Over the years, black entertainers have struggled to exist under the exploitative eye of the mainstream American media. Recently, rapper, reality star, and influencer Sukihanagoat attended the VMAs, where she received backlash for her “On All Fours” Photo Opp captured live from the show’s carpet. Sukihana, known for her outlandish and highly sexualized image, poses a question to media advertisers, public relations professionals, creative decision makers, and the culture alike: what is the social damage of the “Urban or Black Spectacle”? 

As black media outlets began to respond to the photo and videos with questionable critiques of the moment, some called her choice to “embarrass” black women and black culture as a whole at the award show, a disgrace. 

As I think about this, I think back to other moments in black entertainment history where African American entertainers were seen “performing” outside of the desired norm. I think of the 1920s “race music” being performed at the Cotton Club to an exclusively white audience. Hattie Mcdaniel’s controversial “mammy” performance in “Gone with the Wind” in 1940, which was boycotted by the NAACP. Harry Belafonte and Joan Fontaine’s interracial romance that was censored in 1968 in “Island in the Sun.” Even the international burlesque show of the iconic Josephine Baker in “Le Revue Nègre” of the 1920s.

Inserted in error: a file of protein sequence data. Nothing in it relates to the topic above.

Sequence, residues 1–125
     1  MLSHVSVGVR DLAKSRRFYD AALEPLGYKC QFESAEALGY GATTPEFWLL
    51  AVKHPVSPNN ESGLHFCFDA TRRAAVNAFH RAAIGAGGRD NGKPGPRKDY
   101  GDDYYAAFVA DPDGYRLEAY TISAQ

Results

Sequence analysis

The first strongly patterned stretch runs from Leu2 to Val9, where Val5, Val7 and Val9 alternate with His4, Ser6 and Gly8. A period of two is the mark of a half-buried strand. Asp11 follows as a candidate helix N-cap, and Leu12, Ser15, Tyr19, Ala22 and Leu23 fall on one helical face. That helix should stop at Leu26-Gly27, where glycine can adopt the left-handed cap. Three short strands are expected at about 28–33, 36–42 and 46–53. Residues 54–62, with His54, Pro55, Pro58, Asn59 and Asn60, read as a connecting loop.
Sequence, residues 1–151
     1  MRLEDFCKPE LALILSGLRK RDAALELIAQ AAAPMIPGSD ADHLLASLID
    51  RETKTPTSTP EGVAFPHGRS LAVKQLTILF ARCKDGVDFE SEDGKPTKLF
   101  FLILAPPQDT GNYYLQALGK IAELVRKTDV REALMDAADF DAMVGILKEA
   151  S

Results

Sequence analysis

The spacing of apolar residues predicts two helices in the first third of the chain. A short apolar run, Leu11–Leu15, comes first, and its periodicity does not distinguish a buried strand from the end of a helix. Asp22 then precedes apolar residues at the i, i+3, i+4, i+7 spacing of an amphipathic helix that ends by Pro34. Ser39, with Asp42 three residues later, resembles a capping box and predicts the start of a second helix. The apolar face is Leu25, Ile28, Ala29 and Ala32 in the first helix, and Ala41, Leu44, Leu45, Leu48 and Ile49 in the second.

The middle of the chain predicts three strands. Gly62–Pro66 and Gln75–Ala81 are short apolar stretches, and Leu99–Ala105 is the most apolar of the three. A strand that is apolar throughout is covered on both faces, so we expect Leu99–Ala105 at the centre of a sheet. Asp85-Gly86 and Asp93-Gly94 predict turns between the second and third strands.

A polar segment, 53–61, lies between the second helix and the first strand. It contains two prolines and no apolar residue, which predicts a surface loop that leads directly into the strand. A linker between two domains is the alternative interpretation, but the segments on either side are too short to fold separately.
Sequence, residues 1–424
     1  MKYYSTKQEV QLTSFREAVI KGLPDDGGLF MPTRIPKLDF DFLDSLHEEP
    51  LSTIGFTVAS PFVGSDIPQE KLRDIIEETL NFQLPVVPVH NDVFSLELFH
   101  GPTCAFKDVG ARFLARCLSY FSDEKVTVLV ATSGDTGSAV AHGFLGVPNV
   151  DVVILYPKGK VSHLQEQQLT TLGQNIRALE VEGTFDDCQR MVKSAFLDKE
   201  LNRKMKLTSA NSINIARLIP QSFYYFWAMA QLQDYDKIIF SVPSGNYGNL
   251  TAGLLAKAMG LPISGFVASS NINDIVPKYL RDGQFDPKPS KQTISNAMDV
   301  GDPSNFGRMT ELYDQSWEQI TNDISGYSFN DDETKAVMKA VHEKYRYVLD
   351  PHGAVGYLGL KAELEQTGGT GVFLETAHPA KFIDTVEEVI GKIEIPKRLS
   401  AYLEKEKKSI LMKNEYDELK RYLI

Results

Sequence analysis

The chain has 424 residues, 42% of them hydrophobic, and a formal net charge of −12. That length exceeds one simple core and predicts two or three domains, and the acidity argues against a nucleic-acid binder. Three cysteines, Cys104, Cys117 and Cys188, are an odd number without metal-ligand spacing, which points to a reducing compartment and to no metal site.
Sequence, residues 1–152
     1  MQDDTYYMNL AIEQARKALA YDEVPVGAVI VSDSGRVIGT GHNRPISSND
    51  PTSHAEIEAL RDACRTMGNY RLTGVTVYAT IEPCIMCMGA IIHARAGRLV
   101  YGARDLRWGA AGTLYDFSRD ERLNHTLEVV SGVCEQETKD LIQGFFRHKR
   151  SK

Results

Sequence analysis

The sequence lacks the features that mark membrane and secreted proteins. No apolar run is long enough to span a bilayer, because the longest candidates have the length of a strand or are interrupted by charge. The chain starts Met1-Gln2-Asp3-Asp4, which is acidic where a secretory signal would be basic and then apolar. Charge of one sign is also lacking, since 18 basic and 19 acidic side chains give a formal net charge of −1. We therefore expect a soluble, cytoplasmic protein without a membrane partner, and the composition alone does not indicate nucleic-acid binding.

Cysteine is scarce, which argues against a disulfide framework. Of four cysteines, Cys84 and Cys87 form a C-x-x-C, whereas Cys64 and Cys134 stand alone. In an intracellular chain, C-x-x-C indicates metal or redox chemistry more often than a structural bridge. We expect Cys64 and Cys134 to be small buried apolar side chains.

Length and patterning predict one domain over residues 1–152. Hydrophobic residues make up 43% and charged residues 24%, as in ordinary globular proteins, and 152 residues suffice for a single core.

In American history, the heightened performance of race and sexuality has proven to be a cash cow for producers, studios, black actresses and actors alike. Famously, black talent has struggled to tow the line between conservative respectability politics, desired by the black middle class intelligentsia, and the exploitative nature of Hollywood fame and fortune within western media. While some embrace the weight of the bright lights and cameras in a more dignified fashion, others choose to be bold, outrageous, and even “offensive” in an effort to garner maximum media attention and fame.

In a digital world run by algorithms, impressions, likes, parasocial relationships, and click-through rates. The thoughts and philosophies surrounding the “black spectacle” are in need of an intellectual facelift. While more established gossip outlets like TMZ became the distributors of such spectacles, we now have urban social media blog sites like TheShadeRoom, SpiritualWorld, and other independent media platforms, like Zeus, successfully arresting the hearts and minds of millions. Coercing black users into  believing that the images of “ghetto” black life seen in the public ARE the reality of black life as a whole. 

More uniquely, black audiences have consumed images of themselves with the reality of racial anxieties and ethnic stereotypes that mock and threaten their existence. Creating a sense of both stress and frustration about the image of “themselves” in the media and their place in the world. As their outrage drives engagement and revenue for these exploitative platforms, they simultaneously build the market needed for Sukiannas to exist.